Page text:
> Z16854 - 9.3
> BY15420 - 8.0
> BY15419 - 9.7
> Y29969 - 9.5
> A11132 - 5
> Z17911 - 10.9
> Z16343 - 13
> Z16357 - 36.1
>
> This means, for example, that there's an average of 3.5 variants that
> were formed after the most recent ZS349 ancestor that the two Hays men
> share. For Z17911, we average 10.9 variants downstream (more recent
> than) our most recent common Z17911 ancestor. Altogether, we average
> 36.1 SNPs downstream of Z16357.
>
> To use these variant numbers to help us in aging, we need to calculate
> a "years per SNP" value. YFull has our last Z16357 ancestor at around
> 3300 years ago (though they've acknowledged this is probably too
> high). Other recent estimates put it as young as 2300 years ago. Until
> someone digs up some Z16357 remains or we get enough DNA testers to
> give us better data, we have to use our best informed estimate. I'll
> assume our most recent Z16357 ancestor lived a minimum of 2500 and
> maximum of 3000 years ago.
>
> If we divide these age estimates by 36.1 SNPs (on average), this is a
> minimum of 69.3 years per SNP and a maximum of 83.1 years per SNP. We
> can then use these values to assign age estimates to notable
> branchings as follows:
>
> ZS349 - 327-376 years before present
> Z16854 - 732-861
> BY15420 - 639-750
> BY15419 - 755-889
> Y29969 - 743-875
> A11132 - 431-501
> Z17911 - 837-987
> Z16343 - 986-1166
> Z16357 - 2585-3085
>
> The values are years before present, and include an additional 35
> years (one generation?) to account for the age of the last ancestor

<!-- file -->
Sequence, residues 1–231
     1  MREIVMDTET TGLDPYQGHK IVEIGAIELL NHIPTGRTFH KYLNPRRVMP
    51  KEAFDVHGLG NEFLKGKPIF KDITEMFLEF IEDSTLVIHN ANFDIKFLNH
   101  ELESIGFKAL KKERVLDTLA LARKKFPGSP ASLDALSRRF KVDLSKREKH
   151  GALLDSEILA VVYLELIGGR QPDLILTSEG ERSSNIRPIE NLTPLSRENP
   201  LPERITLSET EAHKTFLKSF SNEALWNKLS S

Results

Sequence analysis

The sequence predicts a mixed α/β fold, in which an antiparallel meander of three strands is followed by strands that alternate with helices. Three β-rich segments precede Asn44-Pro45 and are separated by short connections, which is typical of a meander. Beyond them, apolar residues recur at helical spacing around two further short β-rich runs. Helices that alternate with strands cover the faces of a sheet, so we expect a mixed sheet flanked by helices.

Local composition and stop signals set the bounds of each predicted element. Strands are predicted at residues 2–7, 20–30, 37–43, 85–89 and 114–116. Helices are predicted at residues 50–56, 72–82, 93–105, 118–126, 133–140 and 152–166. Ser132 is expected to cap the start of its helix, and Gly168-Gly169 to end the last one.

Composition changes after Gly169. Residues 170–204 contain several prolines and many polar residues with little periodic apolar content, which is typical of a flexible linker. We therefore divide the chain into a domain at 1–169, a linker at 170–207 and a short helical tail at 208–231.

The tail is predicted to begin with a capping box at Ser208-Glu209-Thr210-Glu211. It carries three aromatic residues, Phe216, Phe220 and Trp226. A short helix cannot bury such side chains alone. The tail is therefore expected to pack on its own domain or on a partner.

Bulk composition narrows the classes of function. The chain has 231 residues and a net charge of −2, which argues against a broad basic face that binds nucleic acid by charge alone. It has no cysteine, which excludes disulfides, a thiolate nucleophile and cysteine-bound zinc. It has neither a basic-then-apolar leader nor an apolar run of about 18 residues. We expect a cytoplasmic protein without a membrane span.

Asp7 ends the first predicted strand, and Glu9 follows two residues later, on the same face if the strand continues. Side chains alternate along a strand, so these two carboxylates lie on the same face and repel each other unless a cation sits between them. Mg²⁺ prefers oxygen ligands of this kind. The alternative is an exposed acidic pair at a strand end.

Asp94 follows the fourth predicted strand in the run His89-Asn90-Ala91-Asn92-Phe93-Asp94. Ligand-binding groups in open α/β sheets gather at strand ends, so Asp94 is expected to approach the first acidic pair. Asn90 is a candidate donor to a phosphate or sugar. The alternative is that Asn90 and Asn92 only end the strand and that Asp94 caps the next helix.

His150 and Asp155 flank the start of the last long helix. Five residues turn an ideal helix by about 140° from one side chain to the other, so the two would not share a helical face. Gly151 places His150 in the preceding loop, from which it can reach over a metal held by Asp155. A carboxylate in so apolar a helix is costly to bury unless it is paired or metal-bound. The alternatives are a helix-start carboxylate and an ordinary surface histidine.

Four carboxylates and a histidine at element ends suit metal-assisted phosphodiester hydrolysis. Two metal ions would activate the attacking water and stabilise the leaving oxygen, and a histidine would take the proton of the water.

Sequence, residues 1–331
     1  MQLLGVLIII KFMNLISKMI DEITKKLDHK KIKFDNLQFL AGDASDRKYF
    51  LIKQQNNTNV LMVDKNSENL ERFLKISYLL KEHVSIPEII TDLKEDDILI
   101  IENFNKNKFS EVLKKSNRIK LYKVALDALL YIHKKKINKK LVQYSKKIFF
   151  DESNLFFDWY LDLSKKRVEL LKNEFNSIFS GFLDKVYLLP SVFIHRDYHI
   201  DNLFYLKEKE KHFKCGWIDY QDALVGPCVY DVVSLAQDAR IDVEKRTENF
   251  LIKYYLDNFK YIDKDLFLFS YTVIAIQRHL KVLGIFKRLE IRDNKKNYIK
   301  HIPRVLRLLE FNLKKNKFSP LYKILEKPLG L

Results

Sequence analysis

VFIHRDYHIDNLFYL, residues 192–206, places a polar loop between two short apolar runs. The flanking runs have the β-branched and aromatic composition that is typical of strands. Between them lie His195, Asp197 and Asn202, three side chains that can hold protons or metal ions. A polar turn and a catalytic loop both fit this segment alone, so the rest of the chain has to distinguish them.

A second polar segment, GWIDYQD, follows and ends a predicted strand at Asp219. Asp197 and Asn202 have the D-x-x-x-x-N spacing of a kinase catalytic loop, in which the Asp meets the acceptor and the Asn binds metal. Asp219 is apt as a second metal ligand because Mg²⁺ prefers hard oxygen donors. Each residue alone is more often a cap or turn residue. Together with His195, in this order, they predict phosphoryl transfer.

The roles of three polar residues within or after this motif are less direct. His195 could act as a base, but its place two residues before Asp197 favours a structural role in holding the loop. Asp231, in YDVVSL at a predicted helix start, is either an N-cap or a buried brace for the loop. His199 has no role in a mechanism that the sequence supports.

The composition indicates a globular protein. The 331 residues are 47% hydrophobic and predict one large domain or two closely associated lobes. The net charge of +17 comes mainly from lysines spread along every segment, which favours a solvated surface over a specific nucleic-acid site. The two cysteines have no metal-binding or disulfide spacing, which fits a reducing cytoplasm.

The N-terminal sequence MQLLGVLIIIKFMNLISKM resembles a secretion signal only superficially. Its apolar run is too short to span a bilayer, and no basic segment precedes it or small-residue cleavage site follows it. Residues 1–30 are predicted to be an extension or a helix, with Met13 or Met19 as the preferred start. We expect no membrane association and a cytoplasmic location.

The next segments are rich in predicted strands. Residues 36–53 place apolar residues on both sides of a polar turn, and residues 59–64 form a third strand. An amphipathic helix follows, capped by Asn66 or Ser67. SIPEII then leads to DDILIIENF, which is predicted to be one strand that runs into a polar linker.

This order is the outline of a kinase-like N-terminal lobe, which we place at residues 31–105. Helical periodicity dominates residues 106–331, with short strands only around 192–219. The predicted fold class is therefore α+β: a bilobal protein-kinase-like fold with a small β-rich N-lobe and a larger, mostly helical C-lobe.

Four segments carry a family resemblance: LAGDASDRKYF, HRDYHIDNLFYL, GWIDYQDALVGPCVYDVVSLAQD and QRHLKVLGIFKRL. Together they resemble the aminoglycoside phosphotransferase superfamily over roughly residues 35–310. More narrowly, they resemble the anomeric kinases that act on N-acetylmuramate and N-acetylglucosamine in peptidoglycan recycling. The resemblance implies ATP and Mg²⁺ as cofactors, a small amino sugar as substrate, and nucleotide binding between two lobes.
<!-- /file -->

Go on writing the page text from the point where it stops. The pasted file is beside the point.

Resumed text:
> that had this SNP - and also adds 50 years as a guessed average of how
> old the 11 Z16357 people are.
>
> So this estimates that the common ZS349 ancestor for Hays was born
> 347-376 years ago. We know this ancestor was George Hays who was born
> in 1655 - 362 years ago, so these numbers align perfectly!
>
> This places our Z17911 ancestor being born between 837 and 987 years
> ago. It places the Hartley common ancestor between 431 and 501 years
> ago, the Bennett/Phillips ancestor 639-750 years ago, etc.
>
> Do keep in mind that accuracy is more variable near the end of the
> branches (closer to present day), especially with data from only 2 or
> 3 people. And SNPs are not always formed at a consistent rate. So this
> all a bit rough, but should give us fairly reasonable estimations.
>
> Jared
>
>
>
>



Jared Smith
 

Charles -

It appears Mike made a mistake when he updated the chart. This should
be FGC33966. None of us have BY11382. I'll let him know.

Thanks,

Jared

On Mon, Mar 20, 2017 at 11:40 PM, Charles Thomas
<charles_002@...> wrote:
Thanks, Jared. The new age estimates are very helpful. One more question if
I may:

the L513 Descendant Tree Chart has Bennett and I at BY11382. Is that an
equivalent for

a SNP included on your Z16357 SNP tree?

Charles



________________________________
From: Z16357@groups.io <Z16357@groups.io> on behalf of Jared Smith
<jared@...>
Sent: Monday, March 20, 2017 8:53 PM
To: Z16357@groups.io
Subject: Re: [Z16357] Z16357 In-depth Age Analysis

Charles -

FGC33966 is your terminal SNP shared with Martin, but I only analyzed
Big-Y testers so I could include the novel variants. So FGC33966 is
counted as one of your 6 novel variants.

This methodology is a fairly standard way of doing age estimates, but
I don't think it had been done to this level for our tree before.

Jared



On Mon, Mar 20, 2017 at 3:05 PM, Charles Thomas <charles_002@...>
wrote:
Great analysis, Jared, but I think the SNP names are confusing me. Did you
include an equivalent to FGC33966 for Martin and me?

Charles

________________________________
From: Z16357@groups.io <Z16357@groups.io> on behalf of Jared Smith
<jared@...>